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Thorin Loeks – Thirsty Hearts – Album Review 

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It takes a lot of talent to keep acoustic music interesting but the gems that manage it are saving the lighter side of folk. On Thirsty Hearts, the new album by Whitehorse musician Thorin Loeks, he manages to take ideas from Mumford and Sons, Kathleen Edwards, and parts Kim Churchill, as well as Gordon Lightfoot for an album both beautiful but also brave and intriguing.

There’s driving thump to “Thirsty Hearts” that gives its crisp guitar a movement to make it more than background noise. The rhythmic changes bring listeners to unexpected places and bring in some subtle additions that elevate the track. Flowing into “Bare Bones” Loeks doesn’t even need a drum to keep his song flowing, pounding bass strings while playing delightful melodies over the rest of the guitar, even using the body as an instrument at times.

The dark reflections of “Crossroads” carry some of the heftier emotional tone on the record. The continued use of surprising rhythmic changes in each track shows a fearlessness in Loeks’ composition but at times it can add a disjointed feel to some songs. Fingers dance on the guitar on “Burst Like A Bubble” creating some delicious melodic hooks, and although it works together, many parts feel generic at times on their own.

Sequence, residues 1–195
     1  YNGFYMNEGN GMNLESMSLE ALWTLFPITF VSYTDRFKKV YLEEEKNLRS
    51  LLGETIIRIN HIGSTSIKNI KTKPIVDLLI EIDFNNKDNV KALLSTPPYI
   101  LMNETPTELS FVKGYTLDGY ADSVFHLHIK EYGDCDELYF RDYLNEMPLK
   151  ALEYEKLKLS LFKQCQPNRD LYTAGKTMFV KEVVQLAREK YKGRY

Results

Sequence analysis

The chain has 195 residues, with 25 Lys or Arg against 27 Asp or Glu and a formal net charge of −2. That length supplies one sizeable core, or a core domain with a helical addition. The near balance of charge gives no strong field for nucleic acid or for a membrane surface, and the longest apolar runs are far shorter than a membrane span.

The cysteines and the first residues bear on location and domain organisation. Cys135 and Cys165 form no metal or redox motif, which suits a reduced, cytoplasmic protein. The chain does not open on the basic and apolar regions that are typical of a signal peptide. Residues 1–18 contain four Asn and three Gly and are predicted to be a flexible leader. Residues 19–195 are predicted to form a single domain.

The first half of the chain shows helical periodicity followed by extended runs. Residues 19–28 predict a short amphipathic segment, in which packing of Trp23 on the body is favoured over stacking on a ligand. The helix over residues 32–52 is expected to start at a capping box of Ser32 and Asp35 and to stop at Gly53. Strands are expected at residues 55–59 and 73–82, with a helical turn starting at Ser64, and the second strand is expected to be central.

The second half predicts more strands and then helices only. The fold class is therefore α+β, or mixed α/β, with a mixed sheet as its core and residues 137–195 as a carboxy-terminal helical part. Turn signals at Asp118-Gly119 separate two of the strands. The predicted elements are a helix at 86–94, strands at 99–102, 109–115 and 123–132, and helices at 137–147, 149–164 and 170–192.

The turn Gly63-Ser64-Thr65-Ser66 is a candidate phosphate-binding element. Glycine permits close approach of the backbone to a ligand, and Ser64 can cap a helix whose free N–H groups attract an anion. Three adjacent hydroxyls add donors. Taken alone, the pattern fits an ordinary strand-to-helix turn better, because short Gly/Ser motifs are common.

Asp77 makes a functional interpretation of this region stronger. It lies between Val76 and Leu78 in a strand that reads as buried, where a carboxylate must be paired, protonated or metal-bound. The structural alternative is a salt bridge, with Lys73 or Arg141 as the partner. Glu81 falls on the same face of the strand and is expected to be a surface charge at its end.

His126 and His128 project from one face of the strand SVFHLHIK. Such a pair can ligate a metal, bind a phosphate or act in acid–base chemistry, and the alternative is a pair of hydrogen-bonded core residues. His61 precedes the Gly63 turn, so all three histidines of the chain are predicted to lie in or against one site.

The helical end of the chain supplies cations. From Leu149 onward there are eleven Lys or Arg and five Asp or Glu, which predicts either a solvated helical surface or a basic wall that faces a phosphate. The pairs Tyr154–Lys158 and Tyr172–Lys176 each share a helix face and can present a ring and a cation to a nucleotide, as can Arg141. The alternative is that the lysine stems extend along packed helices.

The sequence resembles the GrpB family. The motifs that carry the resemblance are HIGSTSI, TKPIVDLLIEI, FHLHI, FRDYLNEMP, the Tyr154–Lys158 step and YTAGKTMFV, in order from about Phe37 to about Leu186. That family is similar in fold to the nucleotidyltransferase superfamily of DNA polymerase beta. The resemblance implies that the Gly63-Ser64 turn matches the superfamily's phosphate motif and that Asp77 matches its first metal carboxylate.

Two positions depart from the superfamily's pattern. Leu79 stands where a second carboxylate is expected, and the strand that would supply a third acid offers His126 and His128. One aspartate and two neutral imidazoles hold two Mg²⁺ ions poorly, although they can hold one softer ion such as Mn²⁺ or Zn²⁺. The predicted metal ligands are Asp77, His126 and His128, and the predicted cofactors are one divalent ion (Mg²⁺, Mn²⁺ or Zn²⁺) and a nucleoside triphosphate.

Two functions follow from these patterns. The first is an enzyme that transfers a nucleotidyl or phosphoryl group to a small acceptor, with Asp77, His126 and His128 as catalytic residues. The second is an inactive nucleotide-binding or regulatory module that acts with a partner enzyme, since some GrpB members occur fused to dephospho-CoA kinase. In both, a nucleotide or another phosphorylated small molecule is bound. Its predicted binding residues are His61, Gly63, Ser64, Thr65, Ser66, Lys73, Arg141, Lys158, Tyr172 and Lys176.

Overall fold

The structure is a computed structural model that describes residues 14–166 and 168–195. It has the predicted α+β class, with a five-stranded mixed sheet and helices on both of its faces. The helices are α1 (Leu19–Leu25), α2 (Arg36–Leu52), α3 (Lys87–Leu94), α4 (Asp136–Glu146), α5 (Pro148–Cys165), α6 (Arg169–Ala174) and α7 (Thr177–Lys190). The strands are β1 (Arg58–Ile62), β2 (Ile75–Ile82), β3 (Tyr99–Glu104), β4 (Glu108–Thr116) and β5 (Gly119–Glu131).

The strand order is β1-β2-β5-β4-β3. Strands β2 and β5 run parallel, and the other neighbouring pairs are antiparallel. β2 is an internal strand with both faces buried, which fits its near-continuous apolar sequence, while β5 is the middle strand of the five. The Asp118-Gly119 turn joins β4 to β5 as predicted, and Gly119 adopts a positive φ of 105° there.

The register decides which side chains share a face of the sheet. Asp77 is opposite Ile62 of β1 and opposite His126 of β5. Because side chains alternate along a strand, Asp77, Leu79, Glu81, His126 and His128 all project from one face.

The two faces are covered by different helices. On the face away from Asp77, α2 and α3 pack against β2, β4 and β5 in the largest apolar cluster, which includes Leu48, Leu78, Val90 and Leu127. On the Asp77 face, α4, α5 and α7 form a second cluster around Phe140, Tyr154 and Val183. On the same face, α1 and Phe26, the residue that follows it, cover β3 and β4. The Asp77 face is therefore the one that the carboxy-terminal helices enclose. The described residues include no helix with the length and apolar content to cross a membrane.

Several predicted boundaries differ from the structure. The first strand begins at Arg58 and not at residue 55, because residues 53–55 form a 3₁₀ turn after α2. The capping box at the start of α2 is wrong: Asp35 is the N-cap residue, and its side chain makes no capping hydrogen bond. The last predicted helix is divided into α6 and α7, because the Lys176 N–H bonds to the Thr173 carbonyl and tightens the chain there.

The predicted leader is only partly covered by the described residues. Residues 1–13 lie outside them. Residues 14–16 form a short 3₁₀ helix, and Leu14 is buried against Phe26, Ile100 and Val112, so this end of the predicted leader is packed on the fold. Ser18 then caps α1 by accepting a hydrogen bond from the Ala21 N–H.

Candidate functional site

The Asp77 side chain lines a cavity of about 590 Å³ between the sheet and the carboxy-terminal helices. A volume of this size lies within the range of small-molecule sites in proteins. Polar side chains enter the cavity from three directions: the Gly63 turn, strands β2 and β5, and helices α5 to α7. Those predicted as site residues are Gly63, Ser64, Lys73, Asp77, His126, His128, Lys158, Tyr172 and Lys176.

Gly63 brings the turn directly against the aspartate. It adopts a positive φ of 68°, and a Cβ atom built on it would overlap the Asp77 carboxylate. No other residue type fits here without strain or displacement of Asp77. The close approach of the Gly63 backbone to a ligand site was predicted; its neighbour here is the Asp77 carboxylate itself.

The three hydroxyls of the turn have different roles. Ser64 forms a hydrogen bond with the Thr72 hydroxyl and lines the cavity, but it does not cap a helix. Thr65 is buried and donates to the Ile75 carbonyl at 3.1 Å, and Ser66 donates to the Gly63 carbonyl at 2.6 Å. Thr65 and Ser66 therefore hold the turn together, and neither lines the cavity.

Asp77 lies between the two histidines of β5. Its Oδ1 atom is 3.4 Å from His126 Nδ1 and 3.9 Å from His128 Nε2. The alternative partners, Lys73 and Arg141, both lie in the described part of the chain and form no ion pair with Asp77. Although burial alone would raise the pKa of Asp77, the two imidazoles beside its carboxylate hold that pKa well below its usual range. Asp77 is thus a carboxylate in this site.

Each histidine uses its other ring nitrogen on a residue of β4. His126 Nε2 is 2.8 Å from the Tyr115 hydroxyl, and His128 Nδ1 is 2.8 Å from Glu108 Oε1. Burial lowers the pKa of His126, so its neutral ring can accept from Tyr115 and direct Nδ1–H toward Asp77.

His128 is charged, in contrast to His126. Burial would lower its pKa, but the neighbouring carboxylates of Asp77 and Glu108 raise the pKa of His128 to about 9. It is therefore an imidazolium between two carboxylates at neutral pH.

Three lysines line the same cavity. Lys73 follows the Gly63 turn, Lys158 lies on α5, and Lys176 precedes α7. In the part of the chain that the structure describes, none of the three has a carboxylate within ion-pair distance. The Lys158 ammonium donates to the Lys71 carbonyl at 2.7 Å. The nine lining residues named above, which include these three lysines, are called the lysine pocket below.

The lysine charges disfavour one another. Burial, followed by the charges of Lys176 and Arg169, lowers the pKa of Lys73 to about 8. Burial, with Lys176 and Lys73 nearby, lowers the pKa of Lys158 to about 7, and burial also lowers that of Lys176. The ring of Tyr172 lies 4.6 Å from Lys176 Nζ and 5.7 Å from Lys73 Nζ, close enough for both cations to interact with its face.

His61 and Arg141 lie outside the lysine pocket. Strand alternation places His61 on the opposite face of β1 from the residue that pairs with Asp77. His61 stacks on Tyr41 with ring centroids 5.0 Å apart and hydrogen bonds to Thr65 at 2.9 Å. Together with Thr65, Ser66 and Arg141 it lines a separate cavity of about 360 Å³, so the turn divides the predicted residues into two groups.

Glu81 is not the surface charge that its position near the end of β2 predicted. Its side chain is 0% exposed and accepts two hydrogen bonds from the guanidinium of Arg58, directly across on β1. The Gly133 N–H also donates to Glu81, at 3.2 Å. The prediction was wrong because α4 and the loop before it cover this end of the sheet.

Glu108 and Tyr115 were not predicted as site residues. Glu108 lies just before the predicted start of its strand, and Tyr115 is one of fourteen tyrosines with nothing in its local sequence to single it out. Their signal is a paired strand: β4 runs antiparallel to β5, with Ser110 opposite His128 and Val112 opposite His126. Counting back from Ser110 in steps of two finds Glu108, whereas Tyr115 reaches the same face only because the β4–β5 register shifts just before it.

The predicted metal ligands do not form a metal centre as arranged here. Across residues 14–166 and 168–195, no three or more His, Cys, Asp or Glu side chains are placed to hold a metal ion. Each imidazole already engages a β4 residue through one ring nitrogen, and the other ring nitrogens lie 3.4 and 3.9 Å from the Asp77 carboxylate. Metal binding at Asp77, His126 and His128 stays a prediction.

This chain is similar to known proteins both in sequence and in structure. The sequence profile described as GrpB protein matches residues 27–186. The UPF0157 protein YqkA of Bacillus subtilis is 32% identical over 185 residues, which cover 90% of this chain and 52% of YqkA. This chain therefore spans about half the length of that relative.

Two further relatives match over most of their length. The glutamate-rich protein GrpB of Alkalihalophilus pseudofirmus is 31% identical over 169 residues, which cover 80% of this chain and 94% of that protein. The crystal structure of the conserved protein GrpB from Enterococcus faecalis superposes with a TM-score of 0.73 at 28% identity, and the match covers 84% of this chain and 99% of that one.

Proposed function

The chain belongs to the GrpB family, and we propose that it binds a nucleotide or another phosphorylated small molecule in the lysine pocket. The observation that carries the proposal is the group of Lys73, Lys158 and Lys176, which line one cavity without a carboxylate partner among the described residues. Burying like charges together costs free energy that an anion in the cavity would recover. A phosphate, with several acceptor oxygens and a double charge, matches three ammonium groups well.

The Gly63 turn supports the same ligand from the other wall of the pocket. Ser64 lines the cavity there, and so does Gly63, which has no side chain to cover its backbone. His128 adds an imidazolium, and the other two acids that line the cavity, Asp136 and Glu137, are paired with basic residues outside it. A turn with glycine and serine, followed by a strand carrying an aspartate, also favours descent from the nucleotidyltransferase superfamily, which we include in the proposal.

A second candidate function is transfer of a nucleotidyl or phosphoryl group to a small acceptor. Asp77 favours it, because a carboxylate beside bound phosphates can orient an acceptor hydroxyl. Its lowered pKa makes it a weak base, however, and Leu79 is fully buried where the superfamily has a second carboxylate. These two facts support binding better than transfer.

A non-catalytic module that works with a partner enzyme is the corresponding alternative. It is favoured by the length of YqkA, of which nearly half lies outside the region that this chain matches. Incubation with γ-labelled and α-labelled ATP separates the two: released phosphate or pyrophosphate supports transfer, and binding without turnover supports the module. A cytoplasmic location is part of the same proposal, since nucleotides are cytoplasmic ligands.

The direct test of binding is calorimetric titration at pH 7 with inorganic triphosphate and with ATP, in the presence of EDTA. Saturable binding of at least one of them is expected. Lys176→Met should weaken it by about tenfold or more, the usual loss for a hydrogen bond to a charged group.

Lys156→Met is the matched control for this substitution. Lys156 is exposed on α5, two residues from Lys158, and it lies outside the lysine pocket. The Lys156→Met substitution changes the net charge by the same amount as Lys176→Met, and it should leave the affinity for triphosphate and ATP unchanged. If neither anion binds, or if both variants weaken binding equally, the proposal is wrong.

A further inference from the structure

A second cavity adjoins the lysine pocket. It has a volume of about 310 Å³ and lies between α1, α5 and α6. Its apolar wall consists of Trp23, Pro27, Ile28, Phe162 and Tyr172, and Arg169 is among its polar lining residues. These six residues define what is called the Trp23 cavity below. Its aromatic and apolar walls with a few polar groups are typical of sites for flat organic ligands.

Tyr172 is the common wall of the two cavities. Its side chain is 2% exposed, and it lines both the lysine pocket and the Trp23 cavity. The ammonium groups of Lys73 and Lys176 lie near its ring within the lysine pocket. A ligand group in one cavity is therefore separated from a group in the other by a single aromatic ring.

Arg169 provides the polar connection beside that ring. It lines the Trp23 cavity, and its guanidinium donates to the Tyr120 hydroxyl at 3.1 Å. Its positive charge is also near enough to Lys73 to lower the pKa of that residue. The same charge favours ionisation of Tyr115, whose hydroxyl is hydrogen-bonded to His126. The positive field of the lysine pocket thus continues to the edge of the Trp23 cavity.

On the other hand, on the relentless push of “These Crazy Days” there’s an intriguing guitar hook that zigs when it seems like it would zag and subtle violins and down-beat chords give it a unique feeling and depth. Despite a forgettable verse section on “Break Free” the shift in mood on its choruses is powerful and is on a whole other plain sonically in sophistication.

Piano joins in on “For Love” where Loeks explores the depths of his sound in the background details of the track, adding little nuggets for devout listeners to find and dig into on repeat listens. There’s one last look at the darker side of Loeks on “Warmer World” with its gritty southern twang and sombre vocals. Double-toned vocals and the creeping use of effects on the choruses make the song one of the most sonically diverse and powerful on the record, and tease listener of what’s to come.

Even with some light repetition and overly straightforward delivery, Thorin Loeks manages to find a myriad of ways to make simple guitar folk relevant and interesting with his fearless sense of musicianship and composition.

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